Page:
Director: Woody Allen
Screen writer: Woody Allen
Starring: Cate Blanchett, Alec Baldwin, Louis C.K
I love Woody Allen movies. Maybe you can call me an indie loving screwball, but we can’t deny the fact that when it comes to Woody Allen (who has been writing and directing his OWN movies for over 50 years) that we can’t help but feel engaged to his tragically-melancholic -comedic characters which are always performed by the very best of actors whether they be from the pinnacle of Hollywood’s A-list or the very streets of Manhattan, New York………or maybe an unassuming hipster from some remote café in the heart of Barcelona. Woody has a standard and he hasn’t (and wouldn’t) change it to please anyone but himself …….and that’s how all artists should think.
Now, enough with the ass-kissing and let’s move over to our review of the day à Blue Jasmine.
Cate Blanchett (who earlier this month won a well-deserved Academy Award for best actress in this role) plays a high-class/high maintenance middle aged lady who has lost all of “her” wealth and is forced (actually she forces herself) to move in with her middle class sister in the city.
Of course she finds it hard to adapt….in fact she makes no true effort to adapt as she works her way to getting back to that high society she so misses whether it meant her going back to school…..or simply “injecting“ herself into the life of a wealthy man. The movie which in most part is a drama makes some jabbing remarks on how easy it is to fall from the pinnacle of our comfort zone and into average level of “everyone else”.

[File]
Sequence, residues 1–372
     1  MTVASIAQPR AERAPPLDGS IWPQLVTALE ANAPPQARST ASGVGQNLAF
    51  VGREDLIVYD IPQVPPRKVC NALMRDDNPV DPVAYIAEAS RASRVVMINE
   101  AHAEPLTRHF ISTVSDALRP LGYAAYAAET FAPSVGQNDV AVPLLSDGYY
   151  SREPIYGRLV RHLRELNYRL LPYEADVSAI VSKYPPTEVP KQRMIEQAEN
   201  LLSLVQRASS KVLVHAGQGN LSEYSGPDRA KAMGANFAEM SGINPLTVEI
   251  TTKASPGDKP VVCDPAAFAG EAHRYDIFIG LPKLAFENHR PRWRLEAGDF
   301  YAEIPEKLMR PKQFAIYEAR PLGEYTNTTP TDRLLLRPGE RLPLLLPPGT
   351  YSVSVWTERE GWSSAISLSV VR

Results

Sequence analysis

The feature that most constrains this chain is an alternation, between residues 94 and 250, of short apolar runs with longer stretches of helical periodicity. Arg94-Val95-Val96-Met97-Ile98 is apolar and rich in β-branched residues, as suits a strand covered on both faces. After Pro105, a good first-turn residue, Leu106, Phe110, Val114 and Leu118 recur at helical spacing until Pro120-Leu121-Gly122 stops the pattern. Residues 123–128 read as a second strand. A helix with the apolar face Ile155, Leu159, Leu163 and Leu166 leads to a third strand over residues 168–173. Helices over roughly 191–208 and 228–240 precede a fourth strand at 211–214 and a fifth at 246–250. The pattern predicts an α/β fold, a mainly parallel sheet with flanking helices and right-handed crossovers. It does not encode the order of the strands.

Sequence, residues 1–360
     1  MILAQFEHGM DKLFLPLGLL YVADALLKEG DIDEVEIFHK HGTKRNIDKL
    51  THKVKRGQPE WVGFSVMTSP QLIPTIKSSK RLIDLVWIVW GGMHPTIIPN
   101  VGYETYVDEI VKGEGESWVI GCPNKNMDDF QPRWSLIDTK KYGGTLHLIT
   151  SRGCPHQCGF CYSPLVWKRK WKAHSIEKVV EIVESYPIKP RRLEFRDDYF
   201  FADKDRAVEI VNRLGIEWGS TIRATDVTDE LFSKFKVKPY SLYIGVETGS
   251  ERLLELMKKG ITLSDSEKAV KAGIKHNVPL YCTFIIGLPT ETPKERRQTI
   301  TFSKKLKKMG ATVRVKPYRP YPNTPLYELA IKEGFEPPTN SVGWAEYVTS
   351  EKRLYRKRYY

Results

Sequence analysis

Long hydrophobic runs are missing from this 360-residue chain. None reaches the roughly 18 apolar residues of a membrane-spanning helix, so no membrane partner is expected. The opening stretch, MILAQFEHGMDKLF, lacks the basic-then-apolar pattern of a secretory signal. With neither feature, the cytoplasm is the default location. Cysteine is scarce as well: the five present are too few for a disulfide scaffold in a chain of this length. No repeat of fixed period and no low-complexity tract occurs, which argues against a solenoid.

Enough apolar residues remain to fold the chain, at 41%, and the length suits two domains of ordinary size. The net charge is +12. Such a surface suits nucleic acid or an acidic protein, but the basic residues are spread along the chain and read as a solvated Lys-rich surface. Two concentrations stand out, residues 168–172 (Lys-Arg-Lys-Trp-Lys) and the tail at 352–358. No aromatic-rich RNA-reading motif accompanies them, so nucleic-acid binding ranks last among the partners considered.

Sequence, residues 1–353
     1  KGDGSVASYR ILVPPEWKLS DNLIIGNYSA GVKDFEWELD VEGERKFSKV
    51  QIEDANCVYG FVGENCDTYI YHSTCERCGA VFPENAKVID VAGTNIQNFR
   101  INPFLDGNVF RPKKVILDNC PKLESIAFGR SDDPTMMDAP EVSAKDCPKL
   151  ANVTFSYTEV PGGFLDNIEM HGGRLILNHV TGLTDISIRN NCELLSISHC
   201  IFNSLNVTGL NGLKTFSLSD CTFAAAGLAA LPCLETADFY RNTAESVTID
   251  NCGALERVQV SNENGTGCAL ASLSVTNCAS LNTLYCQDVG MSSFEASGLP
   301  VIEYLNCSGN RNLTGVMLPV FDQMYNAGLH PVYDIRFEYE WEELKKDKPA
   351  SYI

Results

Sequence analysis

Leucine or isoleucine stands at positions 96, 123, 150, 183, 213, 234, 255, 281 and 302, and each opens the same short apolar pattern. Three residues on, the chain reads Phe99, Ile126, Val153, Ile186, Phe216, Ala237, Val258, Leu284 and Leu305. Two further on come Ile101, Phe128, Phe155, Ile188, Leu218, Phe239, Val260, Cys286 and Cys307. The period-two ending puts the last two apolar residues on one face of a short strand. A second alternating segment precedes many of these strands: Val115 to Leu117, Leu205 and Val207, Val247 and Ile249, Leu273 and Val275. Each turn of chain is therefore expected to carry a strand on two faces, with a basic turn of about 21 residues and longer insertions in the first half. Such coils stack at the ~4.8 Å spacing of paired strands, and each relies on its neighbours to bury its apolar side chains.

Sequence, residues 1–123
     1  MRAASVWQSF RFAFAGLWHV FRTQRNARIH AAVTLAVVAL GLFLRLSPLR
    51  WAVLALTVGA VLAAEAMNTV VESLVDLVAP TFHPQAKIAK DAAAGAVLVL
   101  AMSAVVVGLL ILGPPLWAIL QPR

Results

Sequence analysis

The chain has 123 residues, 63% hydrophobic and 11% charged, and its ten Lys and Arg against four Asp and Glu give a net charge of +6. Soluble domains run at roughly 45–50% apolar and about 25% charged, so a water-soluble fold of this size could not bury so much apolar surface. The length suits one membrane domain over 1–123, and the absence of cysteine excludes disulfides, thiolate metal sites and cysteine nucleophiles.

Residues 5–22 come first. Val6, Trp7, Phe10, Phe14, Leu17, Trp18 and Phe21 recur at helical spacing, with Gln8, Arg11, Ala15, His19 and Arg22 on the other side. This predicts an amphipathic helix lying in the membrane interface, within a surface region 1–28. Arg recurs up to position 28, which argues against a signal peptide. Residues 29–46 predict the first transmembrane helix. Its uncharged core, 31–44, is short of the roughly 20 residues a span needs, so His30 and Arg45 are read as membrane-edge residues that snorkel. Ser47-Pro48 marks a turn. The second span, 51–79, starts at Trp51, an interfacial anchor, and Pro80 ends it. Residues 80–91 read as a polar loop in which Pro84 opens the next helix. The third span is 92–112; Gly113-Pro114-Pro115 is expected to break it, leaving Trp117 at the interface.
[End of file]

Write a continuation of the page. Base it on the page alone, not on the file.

Blue Jasmine may appear as “A Riches to Rag story” but it plays out more than that. It’s more about how money and other material things never seem enough for those of us who even pursue it. Throughout the movie we are made to believe our protagonist had nothing to do with her decline from wealth to her “humble “state. We believe that circumstance led to circumstances and so on, but it’s only at the end do we really conceive how self-deceit could be the true enemy of us all.
But all in all what I admire about the lead character is her struggle to never settle for less. Asides from her meddling in her sisters personal affairs, (that I don’t accept) her determination to get back on her feet and out of the “shit hole” she found herself had a lot to say about that fighting spirit we can find in ourselves.
Summary: with a CV like Woody Allen’s it’s hard to really place this movie up at the same level with his more recent works like Midnight in Paris and Vicky Cristina Barcelona. The screenplay, not really top notch, but the acting, especially by the lead actress, proved very convincing. It earns a Soda & Popcorn
p.s: I just saw the preview for it Transformers: Age of Extinction and all I could say was “SHiT!! Michael Bay is back with his explosions and slow motions of people running. NOT AGAIN!!!”smh
Review written by Afam Joe